Or of which much is said in the daily papers, the family people will say, There is a great stink about it! See wanted for more information.
stone jug ~ stone pitcher
see pitcher
stoop
the pillory
To be stoopd is to be set on the pillory.
stooping match
the exhibition of one or more persons on the pillory
See push for more information.
stow
same as stash
To stow any business, employment, or mode of life is the same as to stash it, etc.
stow ~ stow it , stow faking
an intimation from a thief to his pall
To desist from what he is about on the occasion of some alarm, etc.
See awake for more information.
stow ~ stow-manging
an intimation from one flash cove to another in a mixed company to be silent
Or drop the subject he was upon.
See mang for more information.
stow that
an invocation from one flash cove to another to recant an assertation
When a person advances any assertion which his auditor believes to be false, or spoken in jest, or wishes the former to recant, the latter will say, Stow that , if you please! or Cheese that! meaning – 
‘Don’t say so’ or ‘That’s out of the question’.
stretch
a yard of linen , etc
Five or ten stretch signifies five or ten yards, etc; so in dealing for any article, as linen, etc, I will give you three hog a stretch meaning – 
‘I’ll give three shillings a yard’.
string
see line
strummel
the hair of the head
To get your strummel faked in twig is to have your hair dressed in style.
stubbs
nothing

Su

suit
in general , synonymous with game
As in What suit did you give it to ʼem upon? meaning –  ‘In what manner did you rob them?’ or
‘Upon what pretence, etc did you defraud them?’
1One species of imposition is said to be a prime suit another a queer suit. A man describing the pretext he used to obtain money from another, would say – 
I draw’d him of a quid upon the suit of so and so
naming the ground of his application.
See draw for more information. 2A person having engaged with another on very advantageous terms to serve or work for him will declare that he is upon a good suit. 3To use great submission and respect in asking any favour of another is called giving it to him upon the humble suit.

Sw

swag
a bundle , parcel , or package
1 As in a swag of snow , etc. 2 The swag is a term used in speaking of any booty you have lately obtained, be it of what kind it may except money, as in –  Where did you lumber the swag? that is ‘Where did you deposit the stolen property?’ 3 To carry the swag is to be the bearer of the stolen goods to a place of safety. 4 A swag of any thing signifies emphatically a great deal. 5 To have knap’d a good swag is to have got a good booty.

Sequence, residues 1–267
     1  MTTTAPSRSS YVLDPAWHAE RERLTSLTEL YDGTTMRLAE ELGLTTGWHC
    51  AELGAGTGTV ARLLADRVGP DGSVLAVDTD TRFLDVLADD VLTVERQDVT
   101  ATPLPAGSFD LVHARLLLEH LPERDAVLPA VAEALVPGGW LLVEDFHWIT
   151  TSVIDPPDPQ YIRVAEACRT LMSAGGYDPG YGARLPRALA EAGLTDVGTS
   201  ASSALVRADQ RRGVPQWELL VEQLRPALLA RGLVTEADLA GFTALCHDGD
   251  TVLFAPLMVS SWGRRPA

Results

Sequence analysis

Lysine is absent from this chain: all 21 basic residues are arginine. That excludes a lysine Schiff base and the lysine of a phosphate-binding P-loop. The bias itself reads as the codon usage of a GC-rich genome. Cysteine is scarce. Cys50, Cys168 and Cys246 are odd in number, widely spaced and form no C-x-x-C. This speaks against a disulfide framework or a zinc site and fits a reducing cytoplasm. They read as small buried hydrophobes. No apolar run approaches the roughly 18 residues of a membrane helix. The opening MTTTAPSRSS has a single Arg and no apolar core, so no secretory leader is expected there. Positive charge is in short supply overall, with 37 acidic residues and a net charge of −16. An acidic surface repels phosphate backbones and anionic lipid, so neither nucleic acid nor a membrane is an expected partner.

Wearing‐apparel, linen, piece‐goods, etc, are all comprehended under the name of swag when describing any speak lately made, etc, in order to distinguish them from plate, jewellery, or other more portable articles.

aussie english
swell
a gentleman
But any well-dressed person is emphatically termed a swell or a rank swell. 1 A family man who appears to have plenty of money, and makes a genteel figure is said by his associates to be in swell street. 2 Any thing remarkable for its beauty or elegance, is called a swell article. So a swell crib is a genteel house. A swell mollisher is an elegantly‐dressed woman, etc. 3 Sometimes in alluding to a particular gentleman whose name is not requisite he is styled the swell, meaning the person who is the object of your discourse or attention. Whether he is called the swell, the cove, or the gory is immaterial, as in the following (in addition to many other) examples:
‘I was turned up at China-street, because the swell would not appear’, meaning, of course, the prosecutor.
Again, speaking of a person whom you were on the point of robbing, but who has taken the alarm, and is therefore on his guard, you will say to your pall,
‘It's of no use, the cove is as down as a hammer’ or
‘We may as well stow it, the gory's leary.’
See cove and down.
swimmer
a guard‐ship , or tender
A thief who escapes prosecution when before a magistrate on condition of being sent on board the receiving‐ship to serve His Majesty is said by his palls to be swimmered.
swishd
married
swoddy ~ swod‐gill
a soldier
desktop
tablet
phone